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Silky crochet buttons

Goodness, two blog posts in one day, possibly because there's no machine knitting happening here just now; my knitting machine is off to visit the last repair person in the UK after my husband dropped a screw into it, oh dear.

Anyway, that leaves lots of lovely time for handknitting and a little crocheting for my knitwear for sale.

There are lots of crocheted button instructions out there in the webivserse and I've just tweeked and melded a few to make little flattened bobble buttons that work well in silky laceweight yarn for my knitwear.

Each button took me about 7 minutes to make and sew on (but I'm a pretty inexperienced crocheter) and used 0.225g or approximately 1.8m of yarn (I used Fyberspates Gleem) and a 2mm hook.

Make a magic circle and make 16 UK triple crochets (=US double crochets) into it. Pull the yarn tail to close the magic circle tight. Slip stitch into top of first triple to close the circle. Cut the working yarn and pull its tail through the centre, then using it to sew through the top of each triple (under both legs of the V), pull tight to close, shaping as you do (I find the shaping improved by initially pressing something stick shaped and c. 5mm diameter into the centre of the button while starting to pull it closed, then removing it to complete the closure). Double knot the two yarn ends tightly together. A little squishing and gentle edge rolling helps to form the Smartie/chocolate bean shape. Re-thread the needle with both yarn tails to sew on the fabric (this cuts down on time spent securing 2 ends and works well with a skinny yarn like this laceweight). The yarn ends can be lost inside the button after securing it to the fabric by sewing from the back of the fabric and out through the button's centre, pulling tight and carefully snipping off against the button.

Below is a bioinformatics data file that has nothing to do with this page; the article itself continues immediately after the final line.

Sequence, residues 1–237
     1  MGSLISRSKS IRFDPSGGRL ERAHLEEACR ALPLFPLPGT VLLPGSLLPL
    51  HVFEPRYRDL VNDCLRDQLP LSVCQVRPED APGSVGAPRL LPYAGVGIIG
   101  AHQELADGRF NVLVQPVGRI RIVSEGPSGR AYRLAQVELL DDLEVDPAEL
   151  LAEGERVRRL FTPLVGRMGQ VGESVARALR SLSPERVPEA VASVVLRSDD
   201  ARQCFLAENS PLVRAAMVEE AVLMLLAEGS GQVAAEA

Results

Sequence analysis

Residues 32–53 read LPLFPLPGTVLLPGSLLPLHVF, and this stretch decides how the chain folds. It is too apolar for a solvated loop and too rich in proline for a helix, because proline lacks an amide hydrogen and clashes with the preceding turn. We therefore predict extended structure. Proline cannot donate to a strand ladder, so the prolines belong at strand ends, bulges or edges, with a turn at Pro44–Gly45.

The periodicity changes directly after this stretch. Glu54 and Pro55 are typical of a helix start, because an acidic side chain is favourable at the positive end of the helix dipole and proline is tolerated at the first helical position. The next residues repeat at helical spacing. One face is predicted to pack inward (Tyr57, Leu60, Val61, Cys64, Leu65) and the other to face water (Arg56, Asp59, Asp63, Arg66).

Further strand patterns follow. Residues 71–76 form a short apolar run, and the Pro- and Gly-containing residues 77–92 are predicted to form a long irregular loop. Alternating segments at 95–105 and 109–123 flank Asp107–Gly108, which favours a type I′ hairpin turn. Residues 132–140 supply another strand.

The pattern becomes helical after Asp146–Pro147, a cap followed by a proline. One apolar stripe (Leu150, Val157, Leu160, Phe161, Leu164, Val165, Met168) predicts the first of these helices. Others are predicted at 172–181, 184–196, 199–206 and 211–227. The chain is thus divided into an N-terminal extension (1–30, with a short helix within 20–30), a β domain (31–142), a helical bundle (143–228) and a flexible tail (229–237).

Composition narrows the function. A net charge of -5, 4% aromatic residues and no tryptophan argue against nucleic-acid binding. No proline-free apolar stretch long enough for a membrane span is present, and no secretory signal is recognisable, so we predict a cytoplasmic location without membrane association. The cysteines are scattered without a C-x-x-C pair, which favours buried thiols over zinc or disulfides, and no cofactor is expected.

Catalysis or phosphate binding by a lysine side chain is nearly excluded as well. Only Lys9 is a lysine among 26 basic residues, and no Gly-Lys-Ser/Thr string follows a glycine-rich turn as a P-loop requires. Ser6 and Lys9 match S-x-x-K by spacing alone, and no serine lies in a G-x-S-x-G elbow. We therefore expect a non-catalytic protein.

It's best to push these delicate buttons through the hole, rather than pull them, which can pull threads loose and wonky. The buttons are not exceptionally sturdy and probably wouldn't survive much buttoning and unbuttoning but they're great on pieces like cowls where the buttons are used to decoratively close the loop and never undone again.

I’ve pictured the buttons here against fabrics knitted in 4ply/fingering equivalents. All the buttonholes are just a yarn over + one stitch decrease; a pretty tight squeeze for these buttons but fine in projects where the buttons probably aren't going to be undone.


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